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200hz filters in JR-20 bass/treble channels?

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  • 200hz filters in JR-20 bass/treble channels?

    Hi all. I've got a JR-20 tone cabinet here. I get that it's actively biamped and crosses over around 200Hz using RC filters in the amps. I'm hoping someone here can help me understand the circuit a little better. (This is partly curiosity, and partly that I'd like to get rid of the filters and run both channels full range.) I'm following the schematic from Captain Foldback here:

    http://www.captain-foldback.com/Hamm...R20_code_C.gif

    - I'm pretty sure I get what's going on in the treble channel. The blocking caps C9 and C10 form a high pass filter with R19 and R20 respectively---the RC calculator says .0035µF/180kΩ comes out to a cutoff of ~252 Hz. Does my reading of that seem correct?
    - The bass channel has me a little lost. I see R24/R25 along with C16 in front of the driver tubes, which could be a low pass, but the values look all wrong: 56kΩ and .0008µF come out to around 3.5kHz. R33/R34 and C22 form a similar arrangement in front of the output tubes, but 22kΩ and .01µF comes out to ~724 Hz. (Wondering if the negative feedback tap factors into this somehow?)

    Thanks!

    Click image for larger version

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    Click image for larger version

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  • #2
    With C16 and C22, you don't just have an RC low-pass filter to ground; you have frequency cancellation between the two sides of the balanced audio, which makes the calculations somewhat different. And then you have C20 and C21 in series with 22k resistors partially coupling the 6V6 control grids and cathodes. Only the difference between control grid and cathode will be amplified.

    Overall, the bass channel low-pass filtering is done in stages rather than all at once, but, mathematically, each filter builds on what the prior filter has done, so in total, they create a 200Hz low-pass filter. Hammond may have wanted a particular slope to the filter that was better accomplished by low-pass filtering in stages rather than all in one stage. Hammond may also have wanted to cancel any higher frequency noise produced by the 6SJ7 pentodes while avoiding presenting them with too low a load on the plates, which pentodes don't like.

    It's not an easy circuit to analyze.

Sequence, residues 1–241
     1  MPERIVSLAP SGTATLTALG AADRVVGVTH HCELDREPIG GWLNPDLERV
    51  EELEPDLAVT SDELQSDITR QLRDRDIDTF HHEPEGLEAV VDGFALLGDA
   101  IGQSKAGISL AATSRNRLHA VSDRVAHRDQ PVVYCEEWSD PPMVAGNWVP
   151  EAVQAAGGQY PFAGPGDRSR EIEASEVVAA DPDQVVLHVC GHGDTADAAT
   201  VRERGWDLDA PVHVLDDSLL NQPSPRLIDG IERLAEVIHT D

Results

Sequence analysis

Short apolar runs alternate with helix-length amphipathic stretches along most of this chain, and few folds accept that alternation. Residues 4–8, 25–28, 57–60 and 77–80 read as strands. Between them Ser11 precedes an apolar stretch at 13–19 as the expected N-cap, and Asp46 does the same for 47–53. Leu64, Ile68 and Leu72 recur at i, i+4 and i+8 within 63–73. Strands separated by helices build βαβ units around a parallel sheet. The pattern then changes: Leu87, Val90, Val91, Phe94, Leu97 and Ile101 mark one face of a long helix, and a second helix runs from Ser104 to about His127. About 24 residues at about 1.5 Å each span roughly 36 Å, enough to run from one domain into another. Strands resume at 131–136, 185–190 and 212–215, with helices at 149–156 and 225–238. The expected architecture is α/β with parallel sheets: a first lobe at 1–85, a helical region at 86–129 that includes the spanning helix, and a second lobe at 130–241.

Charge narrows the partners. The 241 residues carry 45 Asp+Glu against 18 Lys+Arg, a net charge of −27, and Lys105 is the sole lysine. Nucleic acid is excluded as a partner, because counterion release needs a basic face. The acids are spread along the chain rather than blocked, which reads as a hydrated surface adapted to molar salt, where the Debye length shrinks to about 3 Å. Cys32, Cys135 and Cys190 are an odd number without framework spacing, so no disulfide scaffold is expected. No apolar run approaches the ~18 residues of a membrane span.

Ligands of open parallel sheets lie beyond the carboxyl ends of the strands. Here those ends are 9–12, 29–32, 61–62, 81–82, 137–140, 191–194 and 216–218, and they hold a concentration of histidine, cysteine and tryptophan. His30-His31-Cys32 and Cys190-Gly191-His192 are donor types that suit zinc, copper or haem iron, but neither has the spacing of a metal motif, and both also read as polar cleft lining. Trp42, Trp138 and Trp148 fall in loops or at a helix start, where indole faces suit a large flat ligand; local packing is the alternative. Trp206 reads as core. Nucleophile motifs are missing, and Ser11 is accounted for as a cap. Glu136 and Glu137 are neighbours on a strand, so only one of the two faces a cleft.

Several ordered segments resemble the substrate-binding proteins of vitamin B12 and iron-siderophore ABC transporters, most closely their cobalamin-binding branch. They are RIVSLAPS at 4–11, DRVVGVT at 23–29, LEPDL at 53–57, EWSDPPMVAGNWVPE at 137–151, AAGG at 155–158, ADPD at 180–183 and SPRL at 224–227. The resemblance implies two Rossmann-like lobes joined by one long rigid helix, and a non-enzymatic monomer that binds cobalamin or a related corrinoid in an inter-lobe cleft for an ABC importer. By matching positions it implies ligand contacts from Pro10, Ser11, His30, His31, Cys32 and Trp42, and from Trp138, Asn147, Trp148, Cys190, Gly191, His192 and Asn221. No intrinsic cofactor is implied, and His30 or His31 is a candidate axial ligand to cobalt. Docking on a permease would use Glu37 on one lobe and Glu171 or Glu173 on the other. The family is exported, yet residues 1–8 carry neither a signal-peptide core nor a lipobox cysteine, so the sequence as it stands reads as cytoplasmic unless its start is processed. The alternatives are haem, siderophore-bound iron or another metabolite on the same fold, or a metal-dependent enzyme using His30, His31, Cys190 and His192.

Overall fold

I'm David. 'Dave' is someone else's name.

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    • #3
      Got it---yeah, I was wondering how the two balanced legs complicated things. (And thanks for validating my head scratching.) In practical terms, to convert the bass channel to run full range, my first thoughts were:
      - remove C16 and C22---their associated resistors R24/R25, R33/R34 are functioning as grid stoppers and should be left in place? (I know with triodes the Miller capacitance issue can make the grid stoppers part of a LPF, but that's not the case with pentodes/tetrodes like these, correct?)
      - if necessary remove C20 and C21 to decouple the grid and cathode of the output tubes---I assume this would also increase gain

      Am I tracking this more or less correctly? Any other tips on disabling the filters? Thanks again.
      -E

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      • #4
        Also, the “Rs” of the RC filters would be the *sum* of r24 and r25 and r33 and r34, 1.2 meg and 44k ohms.
        Tom in Tulsa

        Fooling with: 1969 E100, 1955 M3, 1963 M100, Leslie 720

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        • #5
          I would just remove C6 and C22 and see where that gets you. As you note, Miller capacitance is not an issue with pentodes/beam tetrodes.

          If you have any noise issues from the pentode drivers after removing C22, there may be other steps you need to take.

          Edit: Just to put it out there, noise reduction might include bypassing the 6SJ7 screens with capacitors to ground or cathode. Look at AO10 preamp schematics to see what I mean. This shunts screen-dropping resistor noise to ground. The low-pass filtering probably gets rid of any hiss or popcorn noise you might get from those resistors run full-range.
          Last edited by David Anderson; 07-21-2021, 11:56 AM.
          I'm David. 'Dave' is someone else's name.

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          • #6
            Great, will do and report back (as soon as I make the time). Thanks!

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            • #7
              Also:

              Originally posted by tpappano View Post
              Also, the “Rs” of the RC filters would be the *sum* of r24 and r25 and r33 and r34, 1.2 meg and 44k ohms.
              Just plugged these into the calculator and got the much more plausible -3dB points of 166 Hz and 362 Hz respectively---thanks for pointing this out.

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              • #8
                You’re welcome!
                Tom in Tulsa

                Fooling with: 1969 E100, 1955 M3, 1963 M100, Leslie 720

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